The sleeping room for the Small Ones was, by comparison with the great Commons Room only the masters inhabited, a tiny place. It had only the smallest of windows, so placed as to allow daylight without any sight of the outside; the windows were plastic-sheeted slits high up on the metal walls, no more. The room was, at best, dim, during the day, but that hardly mattered: during the day the room was empty. Only at night, when the soft artificial lights went on, shedding the glow from their wall-shielded tubes, was the room fit for normal vision. There were no decorations, of course, and no chairs: the Alberts had no use for chairs, and decorations were a refinement no master had yet bothered to think of. The Alberts were hardly taught to appreciate such things in any case: that was not what they had come to learn: it was not useful.
The floor of the room was covered with soft leaves striped a glossy brown over the pervasive gray-green of the planet’s foliage. These served as a soft mat for sleeping, and were also the staple food of the Alberts. These were not disturbed to find their food strewn in such irregular heaps and drifts across the metal floor: in their birth sacs, they had lived by ingestion from the floor of the forest, and, later, they had been so fed in the Birth Huts to which the Elders had taken them, and where they had been cleaned and served and taught, among other matters, English.
What they had been taught was, at any rate, English of a sort, bearing within it the seeds of a more complex tongue, and having its roots far back in the pre-space centuries, when missionaries had first begun to visit strange lands. Men had called it pidgin and Beche-le-mer and a hundred different names in a hundred different variations. Here, the masters called it English. The Alberts called it words, and nothing more.
Now, after sunset, they filed in, thirty or so jewel-green cyclopean alligators at the end of their first day of training, waddling clumsily past the doorway and settled with a grateful, crouching squat on the leaves that served as bed and food. None were bothered by the act of sitting on the leaves: for one thing, they had no concept of dirt. In the second place, they were rather remarkably clean. They had neither sex organs, in any human sense of the word, or specific organs of evacuation: their entire elimination was gaseous. Air ducts in the room would draw off the waste products, and the Alberts never noticed them: they had, in fact, no conception of evacuation as a process, since to them the entire procedure was invisible and impalpable.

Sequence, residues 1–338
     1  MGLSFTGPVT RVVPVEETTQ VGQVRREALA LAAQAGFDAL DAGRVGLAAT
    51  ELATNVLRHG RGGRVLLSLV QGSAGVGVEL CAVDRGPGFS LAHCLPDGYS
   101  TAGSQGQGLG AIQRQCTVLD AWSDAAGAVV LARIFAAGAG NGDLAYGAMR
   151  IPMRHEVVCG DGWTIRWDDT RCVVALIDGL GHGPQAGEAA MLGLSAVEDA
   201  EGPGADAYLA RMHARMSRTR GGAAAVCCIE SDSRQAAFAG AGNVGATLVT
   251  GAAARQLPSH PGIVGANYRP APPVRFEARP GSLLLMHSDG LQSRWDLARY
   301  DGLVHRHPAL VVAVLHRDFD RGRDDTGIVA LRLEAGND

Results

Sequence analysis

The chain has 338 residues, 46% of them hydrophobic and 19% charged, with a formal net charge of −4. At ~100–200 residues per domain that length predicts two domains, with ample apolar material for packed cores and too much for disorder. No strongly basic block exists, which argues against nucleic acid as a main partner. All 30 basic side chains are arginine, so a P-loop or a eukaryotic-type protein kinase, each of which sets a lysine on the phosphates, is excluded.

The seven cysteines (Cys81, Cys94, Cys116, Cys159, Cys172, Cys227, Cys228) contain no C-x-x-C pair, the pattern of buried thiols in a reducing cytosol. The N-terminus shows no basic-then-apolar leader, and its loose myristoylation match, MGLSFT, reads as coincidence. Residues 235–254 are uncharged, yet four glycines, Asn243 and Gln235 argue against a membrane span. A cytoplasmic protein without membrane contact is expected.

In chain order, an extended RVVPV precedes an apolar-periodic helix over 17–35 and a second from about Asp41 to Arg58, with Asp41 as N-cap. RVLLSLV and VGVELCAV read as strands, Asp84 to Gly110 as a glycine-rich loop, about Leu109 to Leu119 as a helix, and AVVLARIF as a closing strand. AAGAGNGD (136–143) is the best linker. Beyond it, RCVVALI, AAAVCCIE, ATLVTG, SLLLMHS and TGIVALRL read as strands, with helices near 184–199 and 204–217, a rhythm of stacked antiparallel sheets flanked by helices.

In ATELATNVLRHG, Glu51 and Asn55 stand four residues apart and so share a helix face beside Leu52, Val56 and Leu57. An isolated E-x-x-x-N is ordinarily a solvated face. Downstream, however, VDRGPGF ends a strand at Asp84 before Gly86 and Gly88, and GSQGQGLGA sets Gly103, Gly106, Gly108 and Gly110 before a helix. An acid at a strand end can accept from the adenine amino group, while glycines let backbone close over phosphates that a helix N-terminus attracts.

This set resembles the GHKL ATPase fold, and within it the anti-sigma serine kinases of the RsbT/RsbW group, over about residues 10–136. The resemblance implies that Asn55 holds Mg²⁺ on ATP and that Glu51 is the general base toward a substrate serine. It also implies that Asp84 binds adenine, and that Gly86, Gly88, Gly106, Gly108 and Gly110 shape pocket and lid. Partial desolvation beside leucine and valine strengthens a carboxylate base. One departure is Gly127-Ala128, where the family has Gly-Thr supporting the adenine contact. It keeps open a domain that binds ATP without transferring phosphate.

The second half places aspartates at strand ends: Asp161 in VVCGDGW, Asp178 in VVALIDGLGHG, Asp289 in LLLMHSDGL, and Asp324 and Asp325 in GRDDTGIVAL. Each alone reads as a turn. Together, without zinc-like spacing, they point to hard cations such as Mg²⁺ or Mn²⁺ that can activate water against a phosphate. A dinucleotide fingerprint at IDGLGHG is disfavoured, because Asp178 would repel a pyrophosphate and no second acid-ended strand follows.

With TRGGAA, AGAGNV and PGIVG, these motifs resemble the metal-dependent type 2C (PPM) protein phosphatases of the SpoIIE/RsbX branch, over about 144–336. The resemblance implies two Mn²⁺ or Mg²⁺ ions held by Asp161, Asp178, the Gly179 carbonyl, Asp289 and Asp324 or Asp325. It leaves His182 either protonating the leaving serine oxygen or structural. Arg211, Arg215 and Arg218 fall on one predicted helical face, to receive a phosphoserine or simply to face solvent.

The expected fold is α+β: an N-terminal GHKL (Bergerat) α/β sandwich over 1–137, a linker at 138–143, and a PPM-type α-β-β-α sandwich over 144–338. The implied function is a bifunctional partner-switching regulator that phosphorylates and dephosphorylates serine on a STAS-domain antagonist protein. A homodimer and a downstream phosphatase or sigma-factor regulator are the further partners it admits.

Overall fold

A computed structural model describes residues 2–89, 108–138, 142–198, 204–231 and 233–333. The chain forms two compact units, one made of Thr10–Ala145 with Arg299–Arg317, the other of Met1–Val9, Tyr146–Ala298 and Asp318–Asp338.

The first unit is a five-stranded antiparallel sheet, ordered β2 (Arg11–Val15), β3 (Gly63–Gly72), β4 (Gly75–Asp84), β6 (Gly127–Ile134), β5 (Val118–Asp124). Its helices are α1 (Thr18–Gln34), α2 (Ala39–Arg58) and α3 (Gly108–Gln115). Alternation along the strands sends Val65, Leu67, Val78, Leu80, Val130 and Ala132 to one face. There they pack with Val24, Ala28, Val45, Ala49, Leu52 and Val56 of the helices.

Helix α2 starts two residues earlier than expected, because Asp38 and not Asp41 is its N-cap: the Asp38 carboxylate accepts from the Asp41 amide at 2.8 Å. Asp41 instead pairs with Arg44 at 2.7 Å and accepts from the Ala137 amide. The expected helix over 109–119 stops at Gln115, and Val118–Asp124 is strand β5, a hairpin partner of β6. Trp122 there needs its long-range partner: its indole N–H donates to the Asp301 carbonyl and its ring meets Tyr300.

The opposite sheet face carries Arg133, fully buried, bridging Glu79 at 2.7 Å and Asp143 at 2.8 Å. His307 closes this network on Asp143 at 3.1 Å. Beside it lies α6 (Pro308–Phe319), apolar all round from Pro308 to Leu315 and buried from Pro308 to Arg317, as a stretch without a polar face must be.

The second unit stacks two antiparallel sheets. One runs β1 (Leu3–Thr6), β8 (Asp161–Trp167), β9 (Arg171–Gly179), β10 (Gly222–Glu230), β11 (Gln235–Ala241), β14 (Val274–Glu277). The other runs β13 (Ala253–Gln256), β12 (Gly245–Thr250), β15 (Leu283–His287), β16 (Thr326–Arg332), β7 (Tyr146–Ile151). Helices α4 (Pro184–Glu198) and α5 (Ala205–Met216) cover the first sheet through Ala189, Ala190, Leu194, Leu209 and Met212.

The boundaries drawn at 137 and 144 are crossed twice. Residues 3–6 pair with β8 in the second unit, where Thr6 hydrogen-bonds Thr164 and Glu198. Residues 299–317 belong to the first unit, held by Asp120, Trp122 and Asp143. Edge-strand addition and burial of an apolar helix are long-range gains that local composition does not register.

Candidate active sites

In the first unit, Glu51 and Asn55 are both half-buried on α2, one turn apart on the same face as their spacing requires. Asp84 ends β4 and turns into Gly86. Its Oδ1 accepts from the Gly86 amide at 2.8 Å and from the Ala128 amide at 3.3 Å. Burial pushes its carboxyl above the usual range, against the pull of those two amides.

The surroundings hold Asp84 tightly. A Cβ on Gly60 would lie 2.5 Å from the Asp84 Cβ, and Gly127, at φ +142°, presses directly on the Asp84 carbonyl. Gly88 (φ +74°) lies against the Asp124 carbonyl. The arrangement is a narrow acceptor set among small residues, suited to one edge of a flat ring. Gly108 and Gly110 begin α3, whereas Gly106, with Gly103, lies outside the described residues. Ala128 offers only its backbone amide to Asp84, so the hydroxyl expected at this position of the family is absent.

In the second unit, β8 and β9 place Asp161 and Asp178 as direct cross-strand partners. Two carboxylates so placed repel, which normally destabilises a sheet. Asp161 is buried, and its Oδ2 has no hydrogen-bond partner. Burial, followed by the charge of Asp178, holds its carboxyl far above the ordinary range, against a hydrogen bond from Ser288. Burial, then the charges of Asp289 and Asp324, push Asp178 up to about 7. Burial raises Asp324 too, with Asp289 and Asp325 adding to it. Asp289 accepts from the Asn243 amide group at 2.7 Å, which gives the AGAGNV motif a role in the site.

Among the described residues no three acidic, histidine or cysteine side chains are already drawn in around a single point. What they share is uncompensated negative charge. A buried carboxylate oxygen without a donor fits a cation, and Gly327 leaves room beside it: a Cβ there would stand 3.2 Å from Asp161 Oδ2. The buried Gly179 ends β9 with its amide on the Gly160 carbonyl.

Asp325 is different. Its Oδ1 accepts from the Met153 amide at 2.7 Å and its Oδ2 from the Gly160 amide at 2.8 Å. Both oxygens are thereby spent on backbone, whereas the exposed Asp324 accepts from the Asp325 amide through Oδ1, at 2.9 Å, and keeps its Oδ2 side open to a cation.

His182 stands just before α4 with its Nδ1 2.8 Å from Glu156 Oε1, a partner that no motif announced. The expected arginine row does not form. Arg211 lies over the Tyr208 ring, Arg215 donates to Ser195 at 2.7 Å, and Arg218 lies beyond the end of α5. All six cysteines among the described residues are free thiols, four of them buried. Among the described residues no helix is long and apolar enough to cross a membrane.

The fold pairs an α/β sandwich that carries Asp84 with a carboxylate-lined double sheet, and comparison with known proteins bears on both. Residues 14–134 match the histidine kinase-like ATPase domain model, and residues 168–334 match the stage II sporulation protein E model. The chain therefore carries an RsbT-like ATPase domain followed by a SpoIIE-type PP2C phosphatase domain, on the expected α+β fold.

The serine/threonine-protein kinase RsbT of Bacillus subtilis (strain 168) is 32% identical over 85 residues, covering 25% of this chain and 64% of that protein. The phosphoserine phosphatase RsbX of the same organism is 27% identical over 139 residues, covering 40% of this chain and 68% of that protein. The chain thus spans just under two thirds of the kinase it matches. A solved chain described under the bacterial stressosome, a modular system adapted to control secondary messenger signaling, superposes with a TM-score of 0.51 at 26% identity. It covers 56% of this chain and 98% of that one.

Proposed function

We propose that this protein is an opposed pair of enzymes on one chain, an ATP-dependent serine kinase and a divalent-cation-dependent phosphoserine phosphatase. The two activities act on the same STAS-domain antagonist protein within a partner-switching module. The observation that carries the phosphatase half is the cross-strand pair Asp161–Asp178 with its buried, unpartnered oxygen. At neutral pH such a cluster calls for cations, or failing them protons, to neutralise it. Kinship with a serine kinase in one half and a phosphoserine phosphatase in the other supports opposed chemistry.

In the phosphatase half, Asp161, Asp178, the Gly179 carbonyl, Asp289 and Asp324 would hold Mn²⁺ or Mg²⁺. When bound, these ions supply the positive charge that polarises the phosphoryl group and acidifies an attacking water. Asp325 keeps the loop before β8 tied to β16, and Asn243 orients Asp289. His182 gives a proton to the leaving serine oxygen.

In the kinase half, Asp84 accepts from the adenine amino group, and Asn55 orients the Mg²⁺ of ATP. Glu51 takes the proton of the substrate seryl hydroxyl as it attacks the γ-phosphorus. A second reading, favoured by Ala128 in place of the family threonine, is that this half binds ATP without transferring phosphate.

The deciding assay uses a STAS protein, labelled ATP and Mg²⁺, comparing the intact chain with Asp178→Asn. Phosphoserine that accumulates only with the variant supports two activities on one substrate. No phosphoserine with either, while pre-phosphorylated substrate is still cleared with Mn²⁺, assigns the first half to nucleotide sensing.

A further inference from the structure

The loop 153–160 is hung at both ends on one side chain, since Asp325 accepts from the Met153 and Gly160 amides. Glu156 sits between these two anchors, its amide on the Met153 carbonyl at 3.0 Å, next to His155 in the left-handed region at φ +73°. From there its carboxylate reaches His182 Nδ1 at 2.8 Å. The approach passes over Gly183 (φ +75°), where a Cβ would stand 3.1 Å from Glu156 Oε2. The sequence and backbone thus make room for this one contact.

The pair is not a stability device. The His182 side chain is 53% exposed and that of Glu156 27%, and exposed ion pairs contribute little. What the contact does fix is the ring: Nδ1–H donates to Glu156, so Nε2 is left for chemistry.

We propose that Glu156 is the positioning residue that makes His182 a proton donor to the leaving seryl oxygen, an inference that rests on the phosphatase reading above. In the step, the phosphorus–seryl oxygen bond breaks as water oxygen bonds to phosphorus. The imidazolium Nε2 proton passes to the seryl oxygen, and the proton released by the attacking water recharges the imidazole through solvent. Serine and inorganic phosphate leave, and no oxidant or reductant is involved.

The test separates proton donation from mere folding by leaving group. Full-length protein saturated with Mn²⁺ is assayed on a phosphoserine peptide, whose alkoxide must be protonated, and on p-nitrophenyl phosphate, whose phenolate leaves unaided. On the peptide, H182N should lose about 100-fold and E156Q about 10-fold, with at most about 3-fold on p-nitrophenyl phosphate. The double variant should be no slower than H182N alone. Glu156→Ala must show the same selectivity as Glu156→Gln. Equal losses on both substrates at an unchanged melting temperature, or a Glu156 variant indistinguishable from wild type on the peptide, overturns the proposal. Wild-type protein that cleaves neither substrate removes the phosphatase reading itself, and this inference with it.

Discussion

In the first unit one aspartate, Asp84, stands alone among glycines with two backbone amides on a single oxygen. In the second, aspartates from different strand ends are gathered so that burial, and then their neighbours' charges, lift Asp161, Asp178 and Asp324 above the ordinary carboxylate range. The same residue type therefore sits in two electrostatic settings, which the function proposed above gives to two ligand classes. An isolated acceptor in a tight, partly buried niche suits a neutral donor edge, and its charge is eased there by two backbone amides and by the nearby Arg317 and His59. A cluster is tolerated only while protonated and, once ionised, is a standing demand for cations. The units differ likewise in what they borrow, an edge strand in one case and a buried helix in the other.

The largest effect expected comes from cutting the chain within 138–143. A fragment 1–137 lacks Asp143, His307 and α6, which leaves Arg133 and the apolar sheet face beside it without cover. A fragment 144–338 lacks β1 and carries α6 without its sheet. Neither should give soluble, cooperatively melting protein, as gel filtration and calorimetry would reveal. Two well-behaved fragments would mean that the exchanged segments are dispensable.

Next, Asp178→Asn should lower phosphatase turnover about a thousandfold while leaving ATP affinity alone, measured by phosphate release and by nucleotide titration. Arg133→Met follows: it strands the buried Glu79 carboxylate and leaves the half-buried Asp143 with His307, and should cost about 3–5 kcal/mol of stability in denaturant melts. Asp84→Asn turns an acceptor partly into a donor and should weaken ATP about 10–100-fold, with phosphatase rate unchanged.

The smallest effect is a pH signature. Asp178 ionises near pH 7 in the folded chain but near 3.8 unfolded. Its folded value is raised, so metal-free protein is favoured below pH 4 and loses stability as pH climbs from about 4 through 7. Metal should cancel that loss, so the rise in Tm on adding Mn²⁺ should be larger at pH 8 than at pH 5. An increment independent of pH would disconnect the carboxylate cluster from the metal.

The last of them filed in, and the masters—two of them, carrying long metal tubes—shut the door. The Alberts were alone. The door’s clang was followed by other sounds as the lock was thrown. The new noises, and the strangeness of bare metal walls and artificial light, still novel after only a single day’s training, gave rise to something very like a panic, and a confused babble of voices arose from the crowd.
“What is this?”
“What place is this?”
“It is a training place.”
“My name Hortat. My name Hortat.”
“What is training?”
“There is food here.”
“What place is this?”
“Where are elders?”
“Are masters here?”
“Is this a place for sleeping?”
“Training is to do what a master says. Training—”
“There are no elders. My name Hortat.”
“Where is this?”
“Where is this place?”
Like the stirring of a child in sleep, the panic lasted only a little while, and gave way to an apathetic peace. Here and there an Albert munched on a leaf, holding it up before his wide mouth in the pose of a giant squirrel. Others sat quietly looking at the walls or the door or the window, or at nothing. One, whose name was Cadnan, stirred briefly and dropped the leaf he was eating and turned to the Albert next to him.
“Marvor,” he said. “Are you troubled?”
Marvor seemed slighter than Cadnan, and his single eye larger, but both looked very much alike to humans, as members of other races, and particularly such races as the human in question judges inferior, are prone to do. “I do not know what happens,” he said in a flat tone. “I do not know what is this place, or what we do.”
“This is the place of masters,” Cadnan said. “We train here, and we work here, and live here. It is the rule of the masters.”
“Yet I do not know,” Marvor said. “This training is a hard thing, and the work is also hard when it comes.”
Cadnan closed his eye for a second, to relax, but he found he wanted to talk. His first day in the world of the masters had been too confusing for him to order it into any sensible structure. Conversation, of whatever kind, was a release, and might provide more facts. Cadnan was hungry for facts.